By spring, our money was all gone. Our President, Herbert Hoover kept telling us, “Prosperity is just around the corner.” But he didn’t say around which corner. Soup lines were established in most every big town in the United States. Crime, was on the up swing. Al Capone was running Chicago. Speak easies were springing up everywhere. Every day, jobs were getting harder to find. Service stations were going broke by the thousand. Even at twenty cents a gallon, it seemed too high. Lots of people that were working, were making less than ten cents an hour. I knew that I must do something. I started looking around.
We took a trip back to Emmett Valley. I knew that I must find something to do. I was much better aquatinted over here. Maybe I could find something. There was an old couple that lived down below the enterprise ditch. Their name was Feaster. The Misses had just died and he was going to California. I rented the house, farm and all, eighty acres for the sum of ten dollars a month. I paid him a year in advance. We went back to Caldwell, locked up the service station and moved over. As I look back and recall that winter in Caldwell, I remember one great thing that happened. We had gained a beautiful daughter.
Before we were married, Helen had lost the fingers of her right hand while working in a plywood factory. The insurance company had made a settlement. She would receive twenty dollars a month for the next twenty years. That is in Canadian dollars. We sure made good use of that money. I don’t know what we would of done without it. Even if that twenty was only worth thirteen in U.S. money.
I did all kinds of odd jobs. Anything to make a buck. I was still a fast box maker. But disaster had struck this trade. No longer did the growers ship their fruit in boxes. Those thin bushel and half bushel baskets made of redwood took their place. No one would buy furs. Trapping come to a standstill. I knew that I must do something. There was another baby on the way and I wouldn’t see them starve.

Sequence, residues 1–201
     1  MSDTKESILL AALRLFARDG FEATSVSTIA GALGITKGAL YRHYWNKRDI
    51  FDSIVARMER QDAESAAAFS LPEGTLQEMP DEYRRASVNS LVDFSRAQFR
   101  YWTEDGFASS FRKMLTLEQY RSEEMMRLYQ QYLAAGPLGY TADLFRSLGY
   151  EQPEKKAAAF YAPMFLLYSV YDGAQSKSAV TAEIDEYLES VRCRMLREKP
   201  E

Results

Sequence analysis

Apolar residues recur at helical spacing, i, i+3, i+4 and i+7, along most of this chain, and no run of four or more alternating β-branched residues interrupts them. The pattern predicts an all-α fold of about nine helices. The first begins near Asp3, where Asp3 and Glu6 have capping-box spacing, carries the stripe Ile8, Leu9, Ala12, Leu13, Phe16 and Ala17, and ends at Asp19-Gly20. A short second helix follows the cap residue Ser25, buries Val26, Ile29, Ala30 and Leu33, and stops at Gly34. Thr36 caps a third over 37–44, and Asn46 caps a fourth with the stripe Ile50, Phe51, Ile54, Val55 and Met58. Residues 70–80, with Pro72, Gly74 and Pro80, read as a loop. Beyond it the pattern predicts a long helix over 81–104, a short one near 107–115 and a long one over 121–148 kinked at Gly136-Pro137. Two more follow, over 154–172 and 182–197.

In those days, home brew was a favorite for those that liked to drink. There was the malt, the sugar and the yeast for sale in most every store. There was more beer drank in those days per. capita, than now. At least that is what the statistics say. Dad always had a batch brewing in the cellar. I guess he made a pretty fair brew and moonshine whiskey. There were bootleggers at every dance. Dad always liked to keep a gallon or so around. “Just in case of snake bite.” he would say.
One of our neighbors, his name was Emmett Parks, made a lot of the stuff. One day when I was up to the ranch, Dad bought a gallon from him and hid it in the big grape vine just back of the house. Mother wouldn’t allow him to keep it in the home. Ray who was always snooping around, witnessed the transaction. (Later Ray bragged about it.) He had run in the house and got Mother. He had lifted out the jug and showed it to her. Then he had poured most of it out and filled it up with water out of the irrigation ditch. Naturally, Mother approved. Ray was now her fair haired boy. Always taking her to church, defending her against all evil, even his own father. He must have read somewhere, divide and conquer. He had got rid of me, Dad was next on his list.
Feldman, Dad’s partner, also liked a little nip at the end of the day. At harvest time, when he was there, he always kept a bottle around. Then one day, Feldman come up with a new Son in Law. His name was Frank, Buddy Frank. As a dowry, the old Jew had sold him the loan office or pawn shop at a very low price and he had just taken over. I liked Buddy and we become friends. He liked to fish and hunt. Many times we went together. One day Buddy told me. “Ted, I got a problem.” “Anything I can do to help?” “I don’t know. But answer me this. Do you know how to make whiskey?” I shook my head. “Why do you ask?” He grinned. “As you probably know, us Jews stick together. We help each other whenever we can.” “So?” “There was one in Boise that for years supplied all the others with a good brand of whiskey. Sometimes it was moonshine and sometimes it was imported from Canada. This old boy died awhile back. Now, they are looking for another.” “And you could get the job if you could supply the stuff?” “Yes. But it would have to be good.” “How much of it are we talking about?” He pulled a notebook from his pocket. “Last year,” he said, “they bought over five hundred gallons. Got it form a guy over in Jordan Valley Oregon.” “And how much,” I asked him, “did they pay for it?” He looked down at the book in his hand. “The guy that made it,” he said, “got six bucks a gallon. and it was all in ten gallon, charred, white oak kegs. And it was ninety proof.” “Holy smoke! That is three thousand bucks!” “Any ideas?” he asked. I grinned at him. “Let me think about it. I will let you know.”